President Obama Obama is meeting Monday with both House Speaker Paul Ryan (R-Wis.) and Senate Majority Leader Mitch McConnell (R-Ky.). (AP Photo/Andrew Harnik)

President Obama will meet with congressional leaders at the White House on Monday afternoon to try to forge a plan to fund the government past the end of September and resolve a months-long partisan standoff over additional funding to combat the Zika virus.

Obama’s first meeting with both House Speaker Paul Ryan (R-Wis.) and Senate Majority Leader Mitch McConnell (R-Ky.) since February comes a week after lawmakers returned to Washington from a seven-week summer recess and a few days after Obama returned from a nine-day trip to Asia. House Minority Leader Nancy Pelosi (D-Calif.) and Senate Minority Leader Harry Reid (D-Nev.) also will attend, according to the White House.

White House officials said the president intends to discuss legislative priorities for the fall session, a time when most in Washington believe there is little chance for major legislation as the nation nears the conclusion of the 2016 presidential campaign.

Foremost on the agenda, officials said, is averting a federal partial government shutdown at the end of the fiscal year Sept. 30. That effort has been complicated by Republican Party infighting over how long to extend funding. McConnell and a majority of House Republicans want to set a new deadline in December to craft a year-long spending bill  — a position also supported by the White House and congressional Democratic leaders.
But a minority of House conservatives favor a stop-gap measure that would extend current funding levels into next year, giving a new president and Congress the opportunity to craft long-term spending bills.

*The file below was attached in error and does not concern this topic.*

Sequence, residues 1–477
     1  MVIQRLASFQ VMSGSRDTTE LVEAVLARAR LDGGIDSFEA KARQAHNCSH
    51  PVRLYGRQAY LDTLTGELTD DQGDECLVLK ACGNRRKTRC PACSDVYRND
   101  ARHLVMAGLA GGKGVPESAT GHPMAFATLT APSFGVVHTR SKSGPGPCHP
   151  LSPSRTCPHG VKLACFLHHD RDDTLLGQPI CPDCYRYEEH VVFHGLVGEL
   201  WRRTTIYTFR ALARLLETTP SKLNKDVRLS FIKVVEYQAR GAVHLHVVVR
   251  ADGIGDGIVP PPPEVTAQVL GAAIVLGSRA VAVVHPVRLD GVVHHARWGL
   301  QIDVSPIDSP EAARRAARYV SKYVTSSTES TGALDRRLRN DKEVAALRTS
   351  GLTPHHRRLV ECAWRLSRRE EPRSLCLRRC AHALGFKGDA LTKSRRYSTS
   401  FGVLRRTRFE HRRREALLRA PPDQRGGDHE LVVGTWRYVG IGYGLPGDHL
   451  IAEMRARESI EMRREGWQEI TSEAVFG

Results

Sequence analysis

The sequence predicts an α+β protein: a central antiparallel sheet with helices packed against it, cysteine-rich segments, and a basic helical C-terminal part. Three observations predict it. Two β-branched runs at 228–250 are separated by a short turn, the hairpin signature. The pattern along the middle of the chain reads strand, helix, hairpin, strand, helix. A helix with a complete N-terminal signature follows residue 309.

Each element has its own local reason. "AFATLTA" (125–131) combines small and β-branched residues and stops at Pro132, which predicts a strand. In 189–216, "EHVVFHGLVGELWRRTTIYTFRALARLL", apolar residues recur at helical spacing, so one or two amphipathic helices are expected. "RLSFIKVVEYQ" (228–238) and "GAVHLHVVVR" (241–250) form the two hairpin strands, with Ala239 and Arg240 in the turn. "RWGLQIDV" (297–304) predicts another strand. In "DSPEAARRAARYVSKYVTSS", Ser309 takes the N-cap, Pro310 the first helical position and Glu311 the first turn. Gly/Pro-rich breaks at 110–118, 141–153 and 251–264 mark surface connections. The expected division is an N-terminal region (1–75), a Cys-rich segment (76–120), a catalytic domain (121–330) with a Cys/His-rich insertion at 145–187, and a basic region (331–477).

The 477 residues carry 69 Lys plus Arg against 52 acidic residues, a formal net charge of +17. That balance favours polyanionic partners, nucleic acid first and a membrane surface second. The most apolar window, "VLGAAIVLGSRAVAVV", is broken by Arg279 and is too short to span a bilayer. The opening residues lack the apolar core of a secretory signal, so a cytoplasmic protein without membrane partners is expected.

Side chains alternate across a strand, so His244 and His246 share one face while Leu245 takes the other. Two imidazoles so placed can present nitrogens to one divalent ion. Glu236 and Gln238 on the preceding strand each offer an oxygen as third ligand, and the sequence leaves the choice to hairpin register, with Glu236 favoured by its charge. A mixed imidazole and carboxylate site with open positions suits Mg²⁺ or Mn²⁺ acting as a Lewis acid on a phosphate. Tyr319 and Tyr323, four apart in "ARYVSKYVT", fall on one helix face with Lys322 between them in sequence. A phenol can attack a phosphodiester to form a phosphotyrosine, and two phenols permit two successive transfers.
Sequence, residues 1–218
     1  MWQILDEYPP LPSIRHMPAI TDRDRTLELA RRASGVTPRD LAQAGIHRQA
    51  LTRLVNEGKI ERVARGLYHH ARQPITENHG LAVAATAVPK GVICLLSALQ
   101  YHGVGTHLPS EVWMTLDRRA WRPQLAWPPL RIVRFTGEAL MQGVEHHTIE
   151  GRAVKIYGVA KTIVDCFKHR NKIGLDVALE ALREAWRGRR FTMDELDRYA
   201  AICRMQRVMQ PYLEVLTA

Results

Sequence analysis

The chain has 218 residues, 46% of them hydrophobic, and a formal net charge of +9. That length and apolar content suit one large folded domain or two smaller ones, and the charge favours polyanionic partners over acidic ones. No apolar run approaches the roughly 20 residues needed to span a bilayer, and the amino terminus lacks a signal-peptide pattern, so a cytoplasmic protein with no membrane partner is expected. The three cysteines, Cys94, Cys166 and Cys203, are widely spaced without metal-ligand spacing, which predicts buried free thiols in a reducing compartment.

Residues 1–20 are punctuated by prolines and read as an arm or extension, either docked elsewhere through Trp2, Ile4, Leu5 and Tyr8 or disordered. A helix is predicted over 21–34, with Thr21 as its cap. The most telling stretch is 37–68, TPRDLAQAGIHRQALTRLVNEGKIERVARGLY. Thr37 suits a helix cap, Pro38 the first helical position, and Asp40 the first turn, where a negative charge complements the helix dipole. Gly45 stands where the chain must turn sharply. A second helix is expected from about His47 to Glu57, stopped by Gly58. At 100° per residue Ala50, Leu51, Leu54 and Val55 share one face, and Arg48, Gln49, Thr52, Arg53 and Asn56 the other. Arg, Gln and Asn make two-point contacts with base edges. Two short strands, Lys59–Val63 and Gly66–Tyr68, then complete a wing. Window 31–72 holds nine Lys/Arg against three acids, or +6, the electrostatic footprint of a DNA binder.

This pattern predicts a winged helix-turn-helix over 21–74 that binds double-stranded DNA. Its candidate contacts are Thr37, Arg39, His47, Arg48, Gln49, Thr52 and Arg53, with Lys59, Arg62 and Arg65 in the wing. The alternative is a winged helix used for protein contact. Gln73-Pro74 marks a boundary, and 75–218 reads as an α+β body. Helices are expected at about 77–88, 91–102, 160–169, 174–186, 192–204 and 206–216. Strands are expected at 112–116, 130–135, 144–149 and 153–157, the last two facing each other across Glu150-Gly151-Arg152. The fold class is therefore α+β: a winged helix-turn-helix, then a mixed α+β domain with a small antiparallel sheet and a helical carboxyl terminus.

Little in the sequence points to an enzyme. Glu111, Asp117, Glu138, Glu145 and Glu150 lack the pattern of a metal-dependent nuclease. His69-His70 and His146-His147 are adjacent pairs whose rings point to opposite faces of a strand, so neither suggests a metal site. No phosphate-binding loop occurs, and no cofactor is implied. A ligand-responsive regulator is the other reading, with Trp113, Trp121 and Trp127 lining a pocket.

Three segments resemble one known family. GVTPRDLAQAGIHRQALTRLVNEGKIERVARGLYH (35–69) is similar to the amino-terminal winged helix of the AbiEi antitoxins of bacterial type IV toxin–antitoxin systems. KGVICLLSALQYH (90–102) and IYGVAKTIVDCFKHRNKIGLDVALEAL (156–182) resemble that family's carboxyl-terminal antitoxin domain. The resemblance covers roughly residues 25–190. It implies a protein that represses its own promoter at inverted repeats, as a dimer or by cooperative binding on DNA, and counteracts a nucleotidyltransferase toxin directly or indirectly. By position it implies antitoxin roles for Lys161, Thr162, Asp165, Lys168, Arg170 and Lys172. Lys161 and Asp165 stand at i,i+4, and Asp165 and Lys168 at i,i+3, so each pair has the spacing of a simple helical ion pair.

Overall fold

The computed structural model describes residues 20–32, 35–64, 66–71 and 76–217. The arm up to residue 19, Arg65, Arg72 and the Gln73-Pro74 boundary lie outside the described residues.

The budget issue appears on track to get resolved in tandem with a compromise on Zika funding in the coming weeks. The Senate agreed on a $1.1 billion Zika funding package in May, but the House passed an alternate $1.1 billion measure that Democrats oppose because it blocks funding to a Planned Parenthood affiliate in Puerto Rico. That bill has been filibustered by Senate Democrats since June, but negotiators say there’s been progress toward a resolution.

Another matter that could come up is the passage by both chambers of a bill that allows families of Americans killed in the Sept. 11, 2001, terrorist attacks to sue the government of Saudi Arabia. The president has threatened to veto the bill over fears that foreigners could try to exploit it to sue the United States.

Obama also is likely to urge congressional leaders to hold a vote on the Trans-Pacific Partnership (TPP), a 12-nation trade accord that the administration completed last year. The pact, which requires congressional ratification, has been stalled on Capitol Hill amid deep skepticism on trade deals among segments of the American electorate. Both major candidates to replace Obama, Democratic nominee Hillary Clinton and Republican nominee Donald Trump, said they oppose the deal.

Obama touted the TPP during his trip to China and Laos last week, and he has vowed to press lawmakers to vote on the package during an expected lame-duck session of Congress after the Nov. 8 elections.